Total Lacrosse Magazine
I met Buck Hofmann in Berlin, Germany at the 2017 Berlin Open Lacrosse Tournament! Buck was an official/referee and i was Head Coach/Player of Student Athlete World USA. Each day of the tournament I had several lengthy conversations with Buck about lacrosse, and how much the game has changed since he started playing lacrosse in 1959. Buck made such a positive impact on not just me but my entire team. Buck has lived a long adventurous life & he is a great ambassador for the sport of lacrosse. I am proud to have Buck Hofmann as a member of the Total Lacrosse Hall Of Fame, Class Of 2017!
JV: How did you first get started playing lacrosse?
BH: One day, I was sitting in the snack bar at Adelphi in Dec of '59 and someone bet me $10, I wasn't tough enough to play lacrosse. I was 24 years old(turned 25 in Feb of '60) and really had no idea what lacrosse was, but I could use the $10. I had no idea at that time what lay ahead of me. I wouldn't have believed it then if someone had told me. I made the lacrosse team, mainly because I did whatever was asked to do to the best of my ability, and ran hard, and worked the wall regularly. Didn't get into a game in '60. In '61 for our first game, a D-man was unavoidably late and much to my surprise, I got the start...with a middie stick. That was against Ohio State and at home (Long Island) and we won 5-4 in the snow. I have a game ball from that in my trophy case. The next game, another starting D guy was late (minor accident) and I got the start again. Sat out the next game, but in game 4 or maybe 5, I got to play attack, midfield, and defense all in the same game (vs CCNY) and became a starter at defense from that time on. We won the division for the first time ever, in '61. I was the last of the Korean GI's in '61.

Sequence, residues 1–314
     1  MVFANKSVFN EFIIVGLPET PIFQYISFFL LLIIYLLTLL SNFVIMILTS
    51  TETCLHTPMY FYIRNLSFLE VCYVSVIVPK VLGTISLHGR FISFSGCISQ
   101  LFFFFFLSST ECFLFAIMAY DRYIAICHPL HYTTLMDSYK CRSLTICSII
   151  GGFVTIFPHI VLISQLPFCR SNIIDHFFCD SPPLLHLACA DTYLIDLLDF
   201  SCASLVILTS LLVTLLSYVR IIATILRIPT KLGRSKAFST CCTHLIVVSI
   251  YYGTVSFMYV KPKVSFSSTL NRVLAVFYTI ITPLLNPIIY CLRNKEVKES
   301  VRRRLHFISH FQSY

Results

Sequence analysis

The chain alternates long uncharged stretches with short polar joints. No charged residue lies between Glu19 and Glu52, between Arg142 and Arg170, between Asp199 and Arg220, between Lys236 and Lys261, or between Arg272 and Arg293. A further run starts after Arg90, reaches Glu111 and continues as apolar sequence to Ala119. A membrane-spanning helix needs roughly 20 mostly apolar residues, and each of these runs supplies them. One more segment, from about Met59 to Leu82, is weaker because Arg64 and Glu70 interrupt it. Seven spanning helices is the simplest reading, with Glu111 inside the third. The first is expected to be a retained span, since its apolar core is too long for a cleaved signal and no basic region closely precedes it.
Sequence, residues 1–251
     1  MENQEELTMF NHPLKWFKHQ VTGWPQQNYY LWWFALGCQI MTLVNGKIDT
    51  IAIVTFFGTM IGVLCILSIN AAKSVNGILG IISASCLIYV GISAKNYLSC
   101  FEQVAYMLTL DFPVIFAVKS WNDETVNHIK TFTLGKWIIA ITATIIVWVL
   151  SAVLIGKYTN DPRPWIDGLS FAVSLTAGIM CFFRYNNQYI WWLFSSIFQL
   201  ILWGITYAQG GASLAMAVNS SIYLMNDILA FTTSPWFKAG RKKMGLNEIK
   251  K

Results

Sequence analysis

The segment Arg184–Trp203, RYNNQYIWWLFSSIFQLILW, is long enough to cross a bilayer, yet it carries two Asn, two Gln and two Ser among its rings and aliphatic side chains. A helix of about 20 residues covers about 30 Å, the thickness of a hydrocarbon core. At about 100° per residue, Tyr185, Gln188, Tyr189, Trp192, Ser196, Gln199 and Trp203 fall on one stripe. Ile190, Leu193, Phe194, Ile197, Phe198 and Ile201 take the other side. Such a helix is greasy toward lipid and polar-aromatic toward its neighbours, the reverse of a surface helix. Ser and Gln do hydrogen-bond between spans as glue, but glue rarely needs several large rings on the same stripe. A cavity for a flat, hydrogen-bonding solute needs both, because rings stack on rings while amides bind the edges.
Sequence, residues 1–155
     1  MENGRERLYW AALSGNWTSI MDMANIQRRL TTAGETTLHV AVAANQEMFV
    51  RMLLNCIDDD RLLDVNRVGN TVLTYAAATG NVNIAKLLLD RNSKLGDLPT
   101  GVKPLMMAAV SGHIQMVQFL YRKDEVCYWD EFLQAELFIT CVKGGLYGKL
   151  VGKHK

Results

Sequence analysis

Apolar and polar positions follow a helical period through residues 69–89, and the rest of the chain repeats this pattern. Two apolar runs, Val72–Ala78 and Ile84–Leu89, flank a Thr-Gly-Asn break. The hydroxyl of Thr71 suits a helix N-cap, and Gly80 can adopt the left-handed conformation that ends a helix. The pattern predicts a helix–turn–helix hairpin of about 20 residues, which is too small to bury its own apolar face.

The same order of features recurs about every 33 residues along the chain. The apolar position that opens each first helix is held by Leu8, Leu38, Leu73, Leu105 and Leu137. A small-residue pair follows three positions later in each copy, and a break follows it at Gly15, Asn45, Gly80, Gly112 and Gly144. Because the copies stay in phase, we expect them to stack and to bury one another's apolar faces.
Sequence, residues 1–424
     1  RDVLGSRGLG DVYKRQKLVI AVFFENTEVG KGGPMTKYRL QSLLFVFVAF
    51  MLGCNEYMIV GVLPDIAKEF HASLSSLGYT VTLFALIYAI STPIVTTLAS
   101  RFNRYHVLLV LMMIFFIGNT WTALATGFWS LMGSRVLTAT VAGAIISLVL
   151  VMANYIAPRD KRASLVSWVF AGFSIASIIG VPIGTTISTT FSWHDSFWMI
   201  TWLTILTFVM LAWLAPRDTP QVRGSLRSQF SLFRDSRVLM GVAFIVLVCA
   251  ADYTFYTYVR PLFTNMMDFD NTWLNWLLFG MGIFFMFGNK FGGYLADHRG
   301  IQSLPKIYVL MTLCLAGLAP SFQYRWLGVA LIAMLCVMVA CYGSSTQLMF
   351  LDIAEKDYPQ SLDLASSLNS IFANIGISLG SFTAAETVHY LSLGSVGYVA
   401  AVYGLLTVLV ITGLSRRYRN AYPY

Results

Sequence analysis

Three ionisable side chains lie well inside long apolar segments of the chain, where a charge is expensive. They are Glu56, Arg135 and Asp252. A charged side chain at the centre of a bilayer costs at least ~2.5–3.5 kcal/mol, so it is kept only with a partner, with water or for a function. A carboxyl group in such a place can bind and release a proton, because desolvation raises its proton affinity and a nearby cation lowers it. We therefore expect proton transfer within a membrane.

JV: What did you like most about lacrosse?
BH: I'm not sure just what it was that I liked about lacrosse, but I sure knew that I liked it. Maybe because is was a really rough game them, but you had to be smart enough to recognize so many different situations and adapt. Some so subtle, that a few inches one way or another could/would make a difference. Probably the combination of skill, knowledge and pure guts, was the draw. I'd never played a game like that before.
JV: What are some of the biggest changes to the sport of lacrosse from the beginning of your lacrosse career to now?
BH: There have been a lot of changes in the 58 years I've been associated with lacrosse. I remember facing off in the center of a big circle and if you weren't facing off, you positioned yourself anywhere outside of the circle. I seem to remember that changed in '61 to pretty much what we have today. Probably the biggest change was the move to plastic heads and metal shafts, from an all wood stick. I can't think of anything that changed the game so much as that.